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WinRT Business Apps with Prism: Getting Started

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Brian Noyes
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Brian Noyes
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12 comments   /   posted on Feb 20, 2013


 

UPDATE: This article was updated from the original version because the name of the guidance changed from “Kona” to “Prism for Windows Runtime” after initial publication. The content has not changed in the update other than the name of the guidance and the namespaces in the code.

This is Part 1 in the series WinRT Business Apps with Prism.

Introduction

Even if you are an experienced XAML developer, to be successful building business applications for the Windows Runtime (WinRT), you can't just start slinging code in the code behind of pages and let your application evolve into a pile of new spaghetti code. You need to focus on maintainability and testability of your application. You need loose coupling and separation of concerns. But if you get started by looking at the samples and documentation that comes with the platform, you will have a hard time figuring it how to get started with that.

Luckily someone has already blazed a trail for you - Microsoft patterns & practices (p&p). For the last 6 months or so I have had the privilege of working as a member of the p&p team whose charter is to provide guidance for line of business XAML developers starting to build Windows Store applications. This project was originally code named "Kona", but was renamed for release to Prism for Windows Runtime.  I will be referring to the code and samples and documentation that comes with the guidance collectively as "Prism" for short, but just realize I am referring to this new variant of Prism targeting WinRT apps, not Prism 4 which targets WPF and Silverlight apps. For Prism 4 you can check out my other article series Working with Prism 4.

In this article series I will be showing you everything that Prism has to offer to help you build your WinRT application right, to leverage the reusable code of Prism, to follow the coding patterns of Prism where no reusable code exists, and to leverage the features of the platform that most business applications will need to integrate with. A lot of these same things can apply whether you are building a game, productivity app, or line of business applications that only employees of your company will use. But the main focus of the guidance is for line of business applications including internal business applications (which will probably be side loaded and never go in the Windows Store, but are still referred to by Microsoft as “Windows Store apps”) as well as business-to-consumer applications where the end users of your application are mostly outside your control as the development organization.

You will learn about structuring your application with MVVM, navigation, application state management, loosely coupled communications, validation, calling Web APIs, and leveraging platform features including Settings panels, Search charm integration, Live Tile updates, Toast Notifications, Roaming Settings, and more. I will do this mostly by building out a Windows Store application in the series, but for the things that are a little too involved to build up in a single sample, I will end up pointing to some example code in Prism.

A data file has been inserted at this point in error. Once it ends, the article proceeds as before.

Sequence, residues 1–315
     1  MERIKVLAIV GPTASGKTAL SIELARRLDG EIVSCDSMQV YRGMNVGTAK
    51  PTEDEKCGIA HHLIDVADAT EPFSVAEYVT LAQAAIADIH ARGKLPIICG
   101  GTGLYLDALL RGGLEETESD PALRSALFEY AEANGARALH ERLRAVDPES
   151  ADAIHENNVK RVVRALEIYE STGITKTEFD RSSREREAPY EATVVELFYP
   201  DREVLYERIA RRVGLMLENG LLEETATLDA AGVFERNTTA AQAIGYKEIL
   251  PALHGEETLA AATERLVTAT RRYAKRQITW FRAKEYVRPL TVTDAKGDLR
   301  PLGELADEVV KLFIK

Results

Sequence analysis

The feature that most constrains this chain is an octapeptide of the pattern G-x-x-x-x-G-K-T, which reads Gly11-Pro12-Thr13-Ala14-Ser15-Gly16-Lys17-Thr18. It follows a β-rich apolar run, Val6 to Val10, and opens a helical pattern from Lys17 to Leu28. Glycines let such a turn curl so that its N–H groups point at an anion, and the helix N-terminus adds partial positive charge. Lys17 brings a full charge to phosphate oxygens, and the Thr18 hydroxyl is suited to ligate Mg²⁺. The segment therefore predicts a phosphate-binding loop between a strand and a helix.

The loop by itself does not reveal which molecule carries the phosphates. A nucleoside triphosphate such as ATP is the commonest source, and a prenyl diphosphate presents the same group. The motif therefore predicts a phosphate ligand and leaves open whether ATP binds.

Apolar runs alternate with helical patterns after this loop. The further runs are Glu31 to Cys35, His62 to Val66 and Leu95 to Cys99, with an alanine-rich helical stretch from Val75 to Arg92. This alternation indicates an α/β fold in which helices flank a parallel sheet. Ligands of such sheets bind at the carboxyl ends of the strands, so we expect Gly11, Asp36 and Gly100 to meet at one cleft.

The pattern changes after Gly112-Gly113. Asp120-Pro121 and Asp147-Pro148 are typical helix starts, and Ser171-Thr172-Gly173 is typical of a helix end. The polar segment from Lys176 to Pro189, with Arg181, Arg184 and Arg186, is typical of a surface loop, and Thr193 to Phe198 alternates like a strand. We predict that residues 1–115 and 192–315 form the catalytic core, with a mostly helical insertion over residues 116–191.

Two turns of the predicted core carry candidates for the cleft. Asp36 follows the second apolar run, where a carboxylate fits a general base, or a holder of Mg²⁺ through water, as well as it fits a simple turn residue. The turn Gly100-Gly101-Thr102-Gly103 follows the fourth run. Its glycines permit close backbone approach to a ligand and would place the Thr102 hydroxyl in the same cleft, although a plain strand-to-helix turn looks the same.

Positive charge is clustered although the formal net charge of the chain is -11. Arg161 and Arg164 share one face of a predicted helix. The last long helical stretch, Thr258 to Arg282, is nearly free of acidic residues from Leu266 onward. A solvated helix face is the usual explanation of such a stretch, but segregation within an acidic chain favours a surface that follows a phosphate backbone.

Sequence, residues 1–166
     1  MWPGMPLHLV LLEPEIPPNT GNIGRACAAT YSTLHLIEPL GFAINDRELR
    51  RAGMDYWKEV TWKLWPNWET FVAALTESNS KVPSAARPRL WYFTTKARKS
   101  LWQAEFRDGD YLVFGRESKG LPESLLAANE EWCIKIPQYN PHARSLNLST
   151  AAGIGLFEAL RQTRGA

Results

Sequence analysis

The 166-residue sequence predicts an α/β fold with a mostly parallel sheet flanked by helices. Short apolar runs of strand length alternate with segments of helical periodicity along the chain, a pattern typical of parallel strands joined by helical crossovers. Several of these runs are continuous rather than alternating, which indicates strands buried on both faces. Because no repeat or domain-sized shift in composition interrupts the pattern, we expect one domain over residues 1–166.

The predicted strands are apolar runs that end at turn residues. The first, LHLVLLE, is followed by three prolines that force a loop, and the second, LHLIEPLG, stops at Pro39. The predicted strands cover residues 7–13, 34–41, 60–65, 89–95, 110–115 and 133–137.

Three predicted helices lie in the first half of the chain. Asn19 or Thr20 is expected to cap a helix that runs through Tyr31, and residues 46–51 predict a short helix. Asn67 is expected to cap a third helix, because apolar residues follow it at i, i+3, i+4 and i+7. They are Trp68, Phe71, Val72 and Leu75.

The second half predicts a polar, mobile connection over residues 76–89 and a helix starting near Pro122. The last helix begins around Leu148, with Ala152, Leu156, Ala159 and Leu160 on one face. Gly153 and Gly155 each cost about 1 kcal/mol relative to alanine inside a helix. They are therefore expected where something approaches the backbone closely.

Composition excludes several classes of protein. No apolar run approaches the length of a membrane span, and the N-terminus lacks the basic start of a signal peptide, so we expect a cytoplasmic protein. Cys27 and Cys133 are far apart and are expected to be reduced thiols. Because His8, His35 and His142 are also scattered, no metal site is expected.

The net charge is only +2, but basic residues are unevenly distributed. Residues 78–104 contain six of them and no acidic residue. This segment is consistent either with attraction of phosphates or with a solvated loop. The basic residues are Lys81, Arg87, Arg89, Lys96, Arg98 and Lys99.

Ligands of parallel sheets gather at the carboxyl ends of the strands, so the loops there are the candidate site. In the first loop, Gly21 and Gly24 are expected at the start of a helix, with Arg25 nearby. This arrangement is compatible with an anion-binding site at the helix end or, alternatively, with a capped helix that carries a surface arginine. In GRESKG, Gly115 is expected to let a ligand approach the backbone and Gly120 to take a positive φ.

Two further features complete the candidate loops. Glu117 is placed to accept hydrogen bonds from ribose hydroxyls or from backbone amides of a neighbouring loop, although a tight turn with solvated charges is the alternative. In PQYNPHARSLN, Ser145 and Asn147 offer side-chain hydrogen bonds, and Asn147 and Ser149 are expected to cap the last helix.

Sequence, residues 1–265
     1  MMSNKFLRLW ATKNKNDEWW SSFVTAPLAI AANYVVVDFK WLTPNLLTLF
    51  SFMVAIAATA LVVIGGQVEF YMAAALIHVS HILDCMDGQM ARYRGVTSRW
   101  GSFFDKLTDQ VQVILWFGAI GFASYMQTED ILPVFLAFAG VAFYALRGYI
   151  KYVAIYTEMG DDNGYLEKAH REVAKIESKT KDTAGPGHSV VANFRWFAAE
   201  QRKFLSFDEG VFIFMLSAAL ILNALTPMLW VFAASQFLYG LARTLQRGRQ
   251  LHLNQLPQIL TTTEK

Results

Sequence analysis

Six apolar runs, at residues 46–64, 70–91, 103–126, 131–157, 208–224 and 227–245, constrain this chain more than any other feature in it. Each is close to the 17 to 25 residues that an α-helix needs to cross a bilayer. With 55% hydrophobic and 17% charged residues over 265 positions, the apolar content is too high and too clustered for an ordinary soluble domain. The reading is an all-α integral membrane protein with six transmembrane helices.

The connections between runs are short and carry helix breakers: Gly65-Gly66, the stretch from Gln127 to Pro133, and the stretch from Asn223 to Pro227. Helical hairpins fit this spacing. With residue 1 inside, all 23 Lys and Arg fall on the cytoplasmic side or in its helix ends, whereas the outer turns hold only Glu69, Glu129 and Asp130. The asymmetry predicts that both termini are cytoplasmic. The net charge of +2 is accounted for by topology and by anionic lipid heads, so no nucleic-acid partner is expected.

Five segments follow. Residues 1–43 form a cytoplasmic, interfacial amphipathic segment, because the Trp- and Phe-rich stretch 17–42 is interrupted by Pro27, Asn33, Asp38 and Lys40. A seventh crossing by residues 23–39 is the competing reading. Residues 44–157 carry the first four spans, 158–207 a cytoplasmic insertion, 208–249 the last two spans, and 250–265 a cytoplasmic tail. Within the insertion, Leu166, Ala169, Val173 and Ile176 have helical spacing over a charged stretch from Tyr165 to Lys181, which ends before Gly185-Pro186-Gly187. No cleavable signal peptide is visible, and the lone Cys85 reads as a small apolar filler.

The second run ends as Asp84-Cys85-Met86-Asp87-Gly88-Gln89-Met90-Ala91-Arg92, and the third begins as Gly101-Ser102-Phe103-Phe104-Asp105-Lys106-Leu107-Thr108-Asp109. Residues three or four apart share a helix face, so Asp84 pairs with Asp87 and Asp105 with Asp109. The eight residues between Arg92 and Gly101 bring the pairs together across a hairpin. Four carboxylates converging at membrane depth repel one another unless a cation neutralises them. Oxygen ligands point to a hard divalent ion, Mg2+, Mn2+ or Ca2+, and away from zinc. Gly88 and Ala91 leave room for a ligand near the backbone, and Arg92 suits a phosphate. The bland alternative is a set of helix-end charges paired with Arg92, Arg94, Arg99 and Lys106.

This is not a introductory tutorial in building Windows Store applications. I am assuming you have already had some exposure to the WinRT platform, Windows Store applications, and have some experience building XAML applications. I also expect you have some exposure to the MVVM pattern, its goals and structure. If you want a good comprehensive overview of all of these, check out my Pluralsight course “Building Windows 8 MVVM XAML Apps”. I also will have a Pluralsight course titled Building Windows Store Business Apps with Prism out by June 2013.

Prism Guidance Overview

A big part of the Prism guidance is a realistic sample application, the AdventureWorks Shopper application. This is referred to as a "Reference Implementation" (RI) by p&p. It is more than your average sample application, it is a complete end to end application that represents the kind of applications many businesses will need to build for WinRT, whether they deploy through the Windows Store to consumers or whether they deploy through side loading in the Enterprise. In building the AdventureWorks Shopper RI, the p&p team constantly looked for opportunities to write code in a reusable way so that developers could not only learn from the code of the application , they could also use some of the common code we were writing. The result of that is a library called Microsoft.Practices.Prism.StoreApps that is part of the Prism download that you can reuse in your own applications. There is also a separate reusable library called Microsoft.Practices.Prism.PubSubEvents that I will cover in a later article in the series. The RI also includes extensive unit and integration tests that you can use to learn how to write tests for your own application. Additionally, Prism comes with several Quickstart applications that demonstrate distinct features or capabilities of Prism in isolation, including a Hello World, Validation, PubSubEvents, and Search. Finally, there is fairly comprehensive documentation of the RI and Quickstarts that can walk you through that code.